We discuss some ways you might be able to determine whether or not you have hazardous materials at your site.
When it comes to hazardous materials reporting, many facilities in New Jersey (and across the country) constantly say they don't know if they have hazardous materials on-site. Conversely, many facilities say, at what point is a material not considered hazardous. For instance, I have one operation adamant about reporting a sand used in an industrial process as a hazardous material.
I can completely appreciate either mindset, as hazardous materials reporting can be downright confusing.
Now whether you're reporting to the NJDEP, the USEPA, or any other regulatory agency, getting this information correct is very important if you want to stay in compliance, out of trouble, and keep your staff safe at your facility.
So how do you know if you have hazardous materials at your site in New Jersey?
Let's clear one thing up: these are hazardous materials, not hazardous waste. Yes there usually is a difference, and no they're usually not regulated the same way.
Hazardous materials tend to be regulated by various organizations. For example, they could fall under OSHA regulations, NJDEP regulations, NJDOT regulations, and USEPA regulations. So how do you know if you have hazardous materials at your site? The first response might be who’s asking, and what regulation are you asking in reference to?
Hazardous materials can be found on your Safety Data Sheets
One of the easiest ways to identify hazardous materials is due to the presence of a Safety Data Sheet (SDS, formerly known as Material Safety Data Sheet, or MSDS). Why would you have them in the first place? Because under OSHA regulations, you are required to have them for hazardous materials.
Ah ha! So if you have an SDS for a material, does that mean it’s hazardous? Generally the answer is yes.
So, for example, under the Community Right to Know Reporting program, this would be where you would start to identify hazardous materials on your site. Have an SDS for the material? Then, under Tier II Reporting, consider it hazardous. While there are additional criteria that have to be met in order for the material to be reported, this is the place to start.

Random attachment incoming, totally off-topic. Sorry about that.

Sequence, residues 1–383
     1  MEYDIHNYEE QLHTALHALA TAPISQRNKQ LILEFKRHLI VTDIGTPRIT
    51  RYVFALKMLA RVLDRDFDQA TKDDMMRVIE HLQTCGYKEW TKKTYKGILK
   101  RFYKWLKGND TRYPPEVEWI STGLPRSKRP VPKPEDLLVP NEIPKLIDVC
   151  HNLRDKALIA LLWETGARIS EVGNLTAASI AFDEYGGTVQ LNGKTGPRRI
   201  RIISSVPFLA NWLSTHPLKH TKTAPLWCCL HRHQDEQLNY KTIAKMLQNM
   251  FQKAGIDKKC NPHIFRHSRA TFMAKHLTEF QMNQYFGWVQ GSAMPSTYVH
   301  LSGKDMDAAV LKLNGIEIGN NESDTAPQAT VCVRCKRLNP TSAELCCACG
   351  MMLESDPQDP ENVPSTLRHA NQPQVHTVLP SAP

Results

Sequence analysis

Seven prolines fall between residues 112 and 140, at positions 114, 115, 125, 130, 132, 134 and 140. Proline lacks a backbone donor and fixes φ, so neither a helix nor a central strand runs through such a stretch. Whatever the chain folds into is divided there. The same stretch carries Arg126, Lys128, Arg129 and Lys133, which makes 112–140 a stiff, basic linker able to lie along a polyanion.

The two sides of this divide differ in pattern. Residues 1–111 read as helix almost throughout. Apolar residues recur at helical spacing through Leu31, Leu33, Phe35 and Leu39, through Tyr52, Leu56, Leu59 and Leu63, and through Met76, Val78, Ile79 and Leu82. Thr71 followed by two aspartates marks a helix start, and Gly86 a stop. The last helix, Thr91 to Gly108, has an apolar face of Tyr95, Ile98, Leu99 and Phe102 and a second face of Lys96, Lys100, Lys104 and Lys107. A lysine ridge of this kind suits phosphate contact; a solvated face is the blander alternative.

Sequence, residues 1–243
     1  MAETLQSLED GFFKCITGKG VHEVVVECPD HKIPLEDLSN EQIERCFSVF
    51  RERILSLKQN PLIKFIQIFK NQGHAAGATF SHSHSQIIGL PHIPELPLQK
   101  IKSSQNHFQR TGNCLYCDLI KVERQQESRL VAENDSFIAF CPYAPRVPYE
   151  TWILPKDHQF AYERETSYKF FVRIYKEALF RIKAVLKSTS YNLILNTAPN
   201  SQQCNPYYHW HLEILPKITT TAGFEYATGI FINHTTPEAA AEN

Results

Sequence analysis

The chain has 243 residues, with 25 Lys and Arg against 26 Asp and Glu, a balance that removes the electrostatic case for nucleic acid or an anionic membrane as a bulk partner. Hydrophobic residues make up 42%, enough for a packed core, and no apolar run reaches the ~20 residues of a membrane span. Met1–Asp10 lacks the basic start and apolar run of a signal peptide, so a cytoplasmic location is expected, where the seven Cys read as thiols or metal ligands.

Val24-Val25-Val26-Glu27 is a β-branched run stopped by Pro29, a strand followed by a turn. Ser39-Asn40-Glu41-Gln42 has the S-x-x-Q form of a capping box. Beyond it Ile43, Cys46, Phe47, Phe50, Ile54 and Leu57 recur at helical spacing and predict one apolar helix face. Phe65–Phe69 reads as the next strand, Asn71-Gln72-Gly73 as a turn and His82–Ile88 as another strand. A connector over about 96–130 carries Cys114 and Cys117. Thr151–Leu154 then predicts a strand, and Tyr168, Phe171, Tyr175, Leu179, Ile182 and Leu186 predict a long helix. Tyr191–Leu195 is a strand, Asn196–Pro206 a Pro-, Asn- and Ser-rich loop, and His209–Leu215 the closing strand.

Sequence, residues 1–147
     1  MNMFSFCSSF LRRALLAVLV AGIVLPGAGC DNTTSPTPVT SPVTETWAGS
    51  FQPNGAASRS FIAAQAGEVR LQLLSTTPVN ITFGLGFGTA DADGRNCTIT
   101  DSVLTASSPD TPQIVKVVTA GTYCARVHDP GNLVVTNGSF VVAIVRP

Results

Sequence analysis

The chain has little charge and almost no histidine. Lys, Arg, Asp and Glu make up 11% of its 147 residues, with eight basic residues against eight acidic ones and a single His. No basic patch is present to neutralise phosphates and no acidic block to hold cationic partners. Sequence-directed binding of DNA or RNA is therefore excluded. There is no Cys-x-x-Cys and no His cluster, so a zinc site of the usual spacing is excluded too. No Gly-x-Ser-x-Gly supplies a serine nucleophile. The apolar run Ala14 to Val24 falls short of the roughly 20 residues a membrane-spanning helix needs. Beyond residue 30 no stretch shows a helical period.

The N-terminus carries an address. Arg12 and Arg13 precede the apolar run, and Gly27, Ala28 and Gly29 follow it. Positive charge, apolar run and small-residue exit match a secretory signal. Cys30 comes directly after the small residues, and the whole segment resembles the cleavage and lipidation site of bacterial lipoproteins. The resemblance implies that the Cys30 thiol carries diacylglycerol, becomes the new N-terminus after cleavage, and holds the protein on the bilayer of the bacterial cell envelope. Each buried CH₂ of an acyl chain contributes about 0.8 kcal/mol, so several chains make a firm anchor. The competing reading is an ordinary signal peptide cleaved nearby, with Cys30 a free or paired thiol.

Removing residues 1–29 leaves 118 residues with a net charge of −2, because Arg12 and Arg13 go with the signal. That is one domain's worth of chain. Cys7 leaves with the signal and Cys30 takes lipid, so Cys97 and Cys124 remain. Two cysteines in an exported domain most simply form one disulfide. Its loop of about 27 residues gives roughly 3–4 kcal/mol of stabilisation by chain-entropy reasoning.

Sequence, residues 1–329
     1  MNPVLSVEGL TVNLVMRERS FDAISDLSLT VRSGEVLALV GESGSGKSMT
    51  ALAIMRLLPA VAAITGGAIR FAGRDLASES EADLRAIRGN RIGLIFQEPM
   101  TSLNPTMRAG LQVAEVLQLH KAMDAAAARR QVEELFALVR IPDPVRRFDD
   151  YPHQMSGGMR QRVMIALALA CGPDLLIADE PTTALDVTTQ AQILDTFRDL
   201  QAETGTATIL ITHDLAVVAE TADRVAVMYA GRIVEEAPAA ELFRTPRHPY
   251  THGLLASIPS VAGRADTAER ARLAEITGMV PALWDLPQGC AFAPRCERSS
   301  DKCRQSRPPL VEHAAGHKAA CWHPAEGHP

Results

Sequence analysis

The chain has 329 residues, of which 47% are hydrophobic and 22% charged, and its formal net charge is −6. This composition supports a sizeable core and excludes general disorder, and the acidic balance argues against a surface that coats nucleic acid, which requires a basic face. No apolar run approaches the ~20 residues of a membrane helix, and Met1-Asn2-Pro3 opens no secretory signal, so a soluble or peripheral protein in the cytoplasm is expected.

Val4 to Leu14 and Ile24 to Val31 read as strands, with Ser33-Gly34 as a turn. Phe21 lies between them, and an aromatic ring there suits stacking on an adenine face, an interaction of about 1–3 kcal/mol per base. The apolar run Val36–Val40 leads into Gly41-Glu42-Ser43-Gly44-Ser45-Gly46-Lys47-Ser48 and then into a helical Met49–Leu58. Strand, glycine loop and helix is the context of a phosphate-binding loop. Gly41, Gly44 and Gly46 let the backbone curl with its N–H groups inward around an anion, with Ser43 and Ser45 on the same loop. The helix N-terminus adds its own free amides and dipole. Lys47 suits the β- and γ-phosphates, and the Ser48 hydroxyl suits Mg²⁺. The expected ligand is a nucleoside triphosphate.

Start thinking about what's a hazardous material at your New Jersey operation.
Getting people to think of their materials in this way is helpful, since it gets us out of the belief that the materials we use at our facility are harmless. Maybe you have a unique operation, and you don't have any harmful materials. But chances are, you'll have an SDS somewhere, meaning you have some sort of hazardous materials on-site.
And once we’ve got people thinking this way, it’s easy to move on to other regulatory programs, with different requirements. For instance, TRI Reporting is based on the chemicals present in you materials. Different materials, or chemicals, may be regulated under different programs, but at least we’ve begun to understand that yes, we probably do have hazardous materials at our site. We can move on from there.
Notice that I’ve avoided the term hazardous waste. That’s something different. A hazardous material may not be a hazardous waste, and probably isn’t. For example, raw materials in your manufacturing process may be regulated as hazardous by OSHA or some other regulatory program, but they’re not necessarily a waste. Depending on what you're using in New Jersey, you could be regulated under the NJDEP, NJDOT, or other agencies. There is a whole separate group of regulations that deal with hazardous waste.
I’ll admit, this can get confusing. What’s the best way to know how the materials at your site are classified? Have a facility audit by someone experienced in hazardous materials and hazardous waste management. You’ll know exactly what you have, what regulations you should be complying with, and what you should be doing. Without that information, you’re flying blind, waiting for an inspector to show up and write you a violation. Why risk it?